“Do be careful! As I understand it, all US citizens have to leave the country, and the Netherlands is an ally…” I had been in Iran for almost a week when my mother sent me this worried text. This did make sense. After all she works for a Dutch news broadcaster, which means she is aware of stuff like this.
I am very interested in international politics and therefore I also knew what was going on, but this did not stress me out. Life goes on regardless. I got my mother’s message while I was squeezed into a small Peugeot car, together with six other people. The five other passengers were no acquaintances, or fat German tourists, but five Iranian women, who had started a conversation with me in a café. This is not uncommon in Iran. Suddenly you are in a car with loud music and new acquaintances, on your way to some interesting place, or at least a good story.
The Iranians I met had mixed feelings about the international tensions. In Isfahan a family started talking to me in the street, asking whether we were afraid, and why we were still in the country. They did not live in Iran themselves and were going to leave again as soon as possible. Others instead told us that we did not need to fear, but of course my favourite commentary on this geopolitical issue came from a taxi driver: “No problem! America 1 missile, Iran 1 missile, finish.” He was not far off.
On my second day in the country, the Dutch deputy ambassador had told me that Iran is a very diverse country with many different subcultures. I certainly experienced this myself. I met people who were vehement opponents of the regime, who told me things that would have certainly gotten them in trouble. But I also met someone who was a strong supporter, who told me that there were many ‘fake Muslims’ in Iran. He pointed to a couple we walked past, who gave each other a hug to say goodbye. This was not allowed apparently.
When I (optimistically) asked him how he would feel if I came to Iran with a female friend he started to laugh and said that it would be okay because I was a guest, and this is taken very seriously by Iranians. He subsequently invited me over for dinner.
On mosques, cars and in the street the images of Quassem Soleimani, the Iranian general that was killed by the US in Iraq was displayed, and black flags hang everywhere as a sign of morning. I was in Iran at the time and had just agreed to go skiing (which is possible in Iran) together with another Dutchman and perhaps a Romanian.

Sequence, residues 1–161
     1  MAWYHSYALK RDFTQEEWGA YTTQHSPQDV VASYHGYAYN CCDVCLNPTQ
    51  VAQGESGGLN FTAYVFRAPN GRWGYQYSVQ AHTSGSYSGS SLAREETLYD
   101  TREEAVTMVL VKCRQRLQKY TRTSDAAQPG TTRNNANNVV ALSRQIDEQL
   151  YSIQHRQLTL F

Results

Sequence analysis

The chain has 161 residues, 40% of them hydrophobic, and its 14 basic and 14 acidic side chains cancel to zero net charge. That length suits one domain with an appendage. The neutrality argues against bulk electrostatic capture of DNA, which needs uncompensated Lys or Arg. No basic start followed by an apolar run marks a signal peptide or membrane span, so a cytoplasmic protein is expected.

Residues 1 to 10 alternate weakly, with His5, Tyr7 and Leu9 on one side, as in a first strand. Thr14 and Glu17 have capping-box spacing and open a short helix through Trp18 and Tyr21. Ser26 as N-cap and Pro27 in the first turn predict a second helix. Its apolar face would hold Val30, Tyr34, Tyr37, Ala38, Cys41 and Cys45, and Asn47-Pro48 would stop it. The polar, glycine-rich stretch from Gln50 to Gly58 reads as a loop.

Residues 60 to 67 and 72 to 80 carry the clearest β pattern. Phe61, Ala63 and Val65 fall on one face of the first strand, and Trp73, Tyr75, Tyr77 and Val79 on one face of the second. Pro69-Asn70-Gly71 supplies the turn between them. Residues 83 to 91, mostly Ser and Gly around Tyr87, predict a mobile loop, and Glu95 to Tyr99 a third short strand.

I had already booked my hostel up in the mountains, and a girl form our hotel had just called us a taxi. Driving to the mountains takes a few hours, so you cannot just hail a cab in the streets. Everyone was drinking tea downstairs when my phone vibrated: the ski resort, along with all the others in Iran, had been closed for three days of mourning.
After that life went on as normal. Everyone carried on drinking tea, eating kebab, smoking cigarettes or shisha. I saw much of the country and made so many pictures that I had to delete half of the apps on my phone, just to make enough space for them. Apart from the black flags and Soleimani’s face everywhere, daily life started to become normal again…
… until Iran (accidentally) shot down a Ukrainian passenger plane with two rockets. the airplane had just taken off from Teheran’s Imam Khomeini international airport, through which I had entered the country and through which I would depart again. Chaos ensued: a few hours before I was supposed to fly from Shiraz (in the south) to Teheran I received an email from Turkish Airlines saying, ‘FLIGHT CANCELLATION’.
Strangely, I could not help but laugh. I looked up at my new friends from the Philippines and joked that I was not leaving them after all but was going to stay a few more days. Without any assistance from Turkish Airlines I decided to buy a flight from Shiraz to Dubai, and from there onwards to Amsterdam. A few days later, a few hours before my flight to Dubai, it turned out that flight was also cancelled. This time my reaction my laughter was more nervous, and I felt a strong sense of disbelief. My Filipino friends had left already on another flight, and I only had two days left on my visa. This was comforting on the one hand (worst case scenario they would put me on a random plane home), but the prospect of being in Iran illegally, potentially at the start of a war, did make me feel tense.
Eventually I spent my last night in the most luxurious hotel in Shiraz, frequented by Russians and Saudi Arabian oil(sheikhs?). The next day I was able to fly to Dubai, but I had to book myself another flight from there to Amsterdam, which left a day later.
A few weeks after I returned the first Corona patient in Iran was diagnosed. Not long after the country became one of the worst hit globally. And yet I am certain I want to return. Because of the kindness of the people there, who still see you as a traveller from distant lands and are keen to talk to you. Because of the culture, which makes you doubt the importance of material wealth. And for the adventure of course, because it certainly was that.